9. In Step 6: Configure Security Group, set Assign a security group to Select an existing security group. Choose the default security group to make sure that it can access your EFS file system.

    You can't access your EC2 instance by Secure Shell (SSH) using this security group. For access by SSH, later you can edit the default security and add a rule to allow SSH or a new security group that allows SSH. You can use the following settings:

    • Type: SSH

    • Protocol: TCP

    • Port Range: 22

    • Source: Anywhere 0.0.0.0/0

  10. Choose Review and Launch.

  11. Choose Launch.

  12. Select the check box for the key pair that you created, and then choose Launch Instances.

Your EC2 instance is now configured to mount the EFS file system at launch and whenever it's rebooted.

Using /etc/fstab to Mount Automatically

To automatically remount your Amazon EFS file system directory when the Amazon EC2 instance reboots, use the file /etc/fstab. The /etc/fstab file contains information about file systems. The command mount -a, which runs during instance startup, mounts the file systems listed in /etc/fstab. This procedure uses the EFS mount helper to mount the file system and needs to be installed on the EC2 instance.

The mount helper is part of the amazon-efs-utils set of tools, which is available for installation on Amazon Linux and Amazon Linux 2 Amazon Machine Images (AMIs). For more information about installing amazon-efs-utils on an Amazon Linux or Amazon Linux 2 AMI, see Installing the amazon-efs-utils Package on Amazon Linux. If you are using another Linux distribution, such as Red Hat Enterprise Linux (RHEL), manually build and install amazon-efs-utils. For more information, see Installing the amazon-efs-utils Package on Other Linux Distributions.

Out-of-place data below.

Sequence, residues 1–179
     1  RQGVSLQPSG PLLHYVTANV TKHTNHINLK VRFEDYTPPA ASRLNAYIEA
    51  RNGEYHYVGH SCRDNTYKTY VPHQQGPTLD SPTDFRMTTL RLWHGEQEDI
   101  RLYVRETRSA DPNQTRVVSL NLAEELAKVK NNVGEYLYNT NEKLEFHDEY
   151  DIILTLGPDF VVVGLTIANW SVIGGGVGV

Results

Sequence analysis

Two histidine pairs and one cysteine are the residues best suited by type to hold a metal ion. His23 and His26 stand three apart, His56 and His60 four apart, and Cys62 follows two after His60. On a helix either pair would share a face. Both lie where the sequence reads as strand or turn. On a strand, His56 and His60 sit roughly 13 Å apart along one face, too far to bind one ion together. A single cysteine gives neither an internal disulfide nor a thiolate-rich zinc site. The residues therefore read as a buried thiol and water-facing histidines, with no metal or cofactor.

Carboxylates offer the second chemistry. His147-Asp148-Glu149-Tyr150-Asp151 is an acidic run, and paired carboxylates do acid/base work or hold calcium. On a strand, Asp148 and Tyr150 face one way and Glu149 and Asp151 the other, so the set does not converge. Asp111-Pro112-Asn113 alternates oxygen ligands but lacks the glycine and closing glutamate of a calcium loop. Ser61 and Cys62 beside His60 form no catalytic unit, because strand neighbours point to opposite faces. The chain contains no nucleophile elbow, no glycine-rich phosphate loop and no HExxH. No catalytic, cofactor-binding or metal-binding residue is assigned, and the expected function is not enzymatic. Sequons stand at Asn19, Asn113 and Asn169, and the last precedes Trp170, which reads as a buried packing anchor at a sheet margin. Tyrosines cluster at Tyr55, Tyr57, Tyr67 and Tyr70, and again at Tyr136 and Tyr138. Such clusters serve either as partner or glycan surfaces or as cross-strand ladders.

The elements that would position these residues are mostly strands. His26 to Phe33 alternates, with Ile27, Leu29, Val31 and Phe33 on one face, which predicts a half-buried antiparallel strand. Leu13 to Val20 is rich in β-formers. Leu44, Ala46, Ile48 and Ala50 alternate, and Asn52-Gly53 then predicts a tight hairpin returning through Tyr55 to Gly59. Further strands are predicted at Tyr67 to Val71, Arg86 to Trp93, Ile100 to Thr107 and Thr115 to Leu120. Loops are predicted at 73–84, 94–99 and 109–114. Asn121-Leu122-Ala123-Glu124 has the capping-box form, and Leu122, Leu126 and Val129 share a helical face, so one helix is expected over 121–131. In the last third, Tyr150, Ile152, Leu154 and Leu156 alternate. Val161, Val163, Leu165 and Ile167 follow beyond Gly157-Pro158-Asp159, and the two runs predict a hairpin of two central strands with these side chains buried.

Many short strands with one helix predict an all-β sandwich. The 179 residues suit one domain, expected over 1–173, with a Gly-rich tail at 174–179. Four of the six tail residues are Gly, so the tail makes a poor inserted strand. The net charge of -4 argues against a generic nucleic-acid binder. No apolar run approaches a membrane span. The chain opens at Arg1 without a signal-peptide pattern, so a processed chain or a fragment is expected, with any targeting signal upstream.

Note

Before you can update the /etc/fstab file of your EC2 instance, make sure that you already created your Amazon EFS file system. For more information, see Step 1: Create Your Amazon EFS File System in the Amazon EFS Getting Started exercise.

To update the /etc/fstab file on your EC2 instance

  1. Connect to your EC2 instance:

    • To connect to your instance from a computer running macOS or Linux, specify the .pem file for your SSH command. To do this, use the -i option and the path to your private key.

    • To connect to your instance from a computer running Windows, you can use either MindTerm or PuTTY. To use PuTTY, install it and convert the .pem file to a .ppk file.

    For more information, see the following topics in the Amazon EC2 User Guide for Linux Instances:

  2. Open the /etc/fstab file in an editor.

  3. Automatically mount your EFS file system using either IAM authorization or an EFS access point:

    • To automatically mount with IAM authorization to an Amazon EC2 instance that has an instance profile, add the following line to the /etc/fstab file.

      file-system-id:/ efs-mount-point efs _netdev,tls,iam 0 0
    • To automatically mount with IAM authorization to a Linux instance using a credentials file, add the following line to the /etc/fstab file.